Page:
Everything You Need to Know About Content Strategist Jobs

Content strategist working on project with co-worker

Even spectacular content can easily get lost in the media fray without a strategist behind the scenes that puts a system in place to get it to its intended audience. Content strategists don’t get a lot of attention and you’ll never see their names on a byline, but they are the wizards behind the curtain bringing effective and impactful media campaigns to life.

Naturally, content strategists need to be experts in more than just communication strategies and content management. They need to know a thing or two about business analysis, psychology, and sociology, and have a finger on the pulse of what’s happening in pop culture.

Content is Still King

Content is King typed on typewriterContent in king. It was actually Bill Gates who originally said that back in the ‘90s. It’s a well-worn line even in modern marketing circles because it’s as true now as it was then.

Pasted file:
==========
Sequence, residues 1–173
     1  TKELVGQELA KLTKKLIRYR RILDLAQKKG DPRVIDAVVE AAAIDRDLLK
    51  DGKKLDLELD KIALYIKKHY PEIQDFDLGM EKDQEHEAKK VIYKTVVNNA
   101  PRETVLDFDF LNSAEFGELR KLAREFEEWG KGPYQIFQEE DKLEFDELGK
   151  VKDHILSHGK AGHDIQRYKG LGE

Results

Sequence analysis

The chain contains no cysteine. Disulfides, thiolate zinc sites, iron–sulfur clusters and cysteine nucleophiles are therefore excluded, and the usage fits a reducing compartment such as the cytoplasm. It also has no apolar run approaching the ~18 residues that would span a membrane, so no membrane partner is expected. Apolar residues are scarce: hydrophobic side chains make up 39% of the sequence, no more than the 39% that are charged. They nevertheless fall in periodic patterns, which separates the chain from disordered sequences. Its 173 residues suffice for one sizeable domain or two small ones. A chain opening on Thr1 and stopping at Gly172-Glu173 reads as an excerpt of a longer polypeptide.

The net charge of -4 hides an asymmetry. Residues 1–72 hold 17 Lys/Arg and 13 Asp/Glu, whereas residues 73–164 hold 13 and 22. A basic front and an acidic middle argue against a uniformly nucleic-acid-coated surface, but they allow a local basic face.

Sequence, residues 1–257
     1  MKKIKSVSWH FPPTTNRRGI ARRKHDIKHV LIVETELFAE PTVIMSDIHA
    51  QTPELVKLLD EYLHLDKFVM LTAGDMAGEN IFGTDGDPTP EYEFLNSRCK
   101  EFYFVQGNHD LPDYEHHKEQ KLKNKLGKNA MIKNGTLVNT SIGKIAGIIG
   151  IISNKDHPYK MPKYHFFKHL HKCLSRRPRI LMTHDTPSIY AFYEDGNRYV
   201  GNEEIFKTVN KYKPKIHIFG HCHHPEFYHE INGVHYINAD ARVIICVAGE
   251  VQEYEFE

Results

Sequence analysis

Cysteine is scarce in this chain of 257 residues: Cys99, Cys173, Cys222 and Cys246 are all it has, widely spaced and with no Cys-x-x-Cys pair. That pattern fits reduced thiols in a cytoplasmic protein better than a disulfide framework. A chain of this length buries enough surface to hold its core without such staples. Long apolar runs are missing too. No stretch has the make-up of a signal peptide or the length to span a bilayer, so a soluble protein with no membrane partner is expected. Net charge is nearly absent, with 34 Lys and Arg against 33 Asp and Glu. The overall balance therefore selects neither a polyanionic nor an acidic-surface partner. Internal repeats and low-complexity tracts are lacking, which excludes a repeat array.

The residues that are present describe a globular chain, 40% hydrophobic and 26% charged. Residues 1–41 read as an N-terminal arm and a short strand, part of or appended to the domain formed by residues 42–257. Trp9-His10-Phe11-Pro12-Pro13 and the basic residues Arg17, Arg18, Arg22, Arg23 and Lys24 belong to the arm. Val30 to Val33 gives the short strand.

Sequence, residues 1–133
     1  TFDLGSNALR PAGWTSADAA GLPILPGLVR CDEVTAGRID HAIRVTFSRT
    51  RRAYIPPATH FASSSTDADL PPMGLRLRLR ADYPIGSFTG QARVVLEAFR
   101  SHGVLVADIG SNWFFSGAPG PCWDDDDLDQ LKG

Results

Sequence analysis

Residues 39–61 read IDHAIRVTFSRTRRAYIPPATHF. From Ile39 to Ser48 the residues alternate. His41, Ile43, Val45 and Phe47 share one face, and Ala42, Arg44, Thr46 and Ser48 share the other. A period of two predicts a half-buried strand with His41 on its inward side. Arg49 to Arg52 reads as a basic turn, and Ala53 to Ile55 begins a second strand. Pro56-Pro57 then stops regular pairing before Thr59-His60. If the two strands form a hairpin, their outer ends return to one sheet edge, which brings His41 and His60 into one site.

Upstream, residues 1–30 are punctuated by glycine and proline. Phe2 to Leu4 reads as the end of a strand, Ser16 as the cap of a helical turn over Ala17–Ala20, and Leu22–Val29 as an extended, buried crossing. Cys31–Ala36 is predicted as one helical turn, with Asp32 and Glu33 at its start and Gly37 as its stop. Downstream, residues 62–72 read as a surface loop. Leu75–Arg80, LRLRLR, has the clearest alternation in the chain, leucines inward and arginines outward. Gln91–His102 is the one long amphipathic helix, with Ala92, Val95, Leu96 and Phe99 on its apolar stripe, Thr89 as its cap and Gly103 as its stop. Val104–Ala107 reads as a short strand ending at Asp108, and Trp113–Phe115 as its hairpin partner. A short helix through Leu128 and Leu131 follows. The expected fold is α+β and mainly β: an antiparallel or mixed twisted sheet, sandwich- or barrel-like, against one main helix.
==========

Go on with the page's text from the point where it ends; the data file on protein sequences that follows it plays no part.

Gates might be an unlikely marketing guru in the modern era, but even decades on the Microsoft brand still somehow seems pretty vibrant, enduring even as dozens of other technology brands from that era failed to age well or folded altogether. And the longevity of the MS brand aside, there’s also Gates’ foray into cable news under the MSNBC brand that speaks to his media savvy. The guy clearly knew as much about public relations and building a brand as he did about writing software.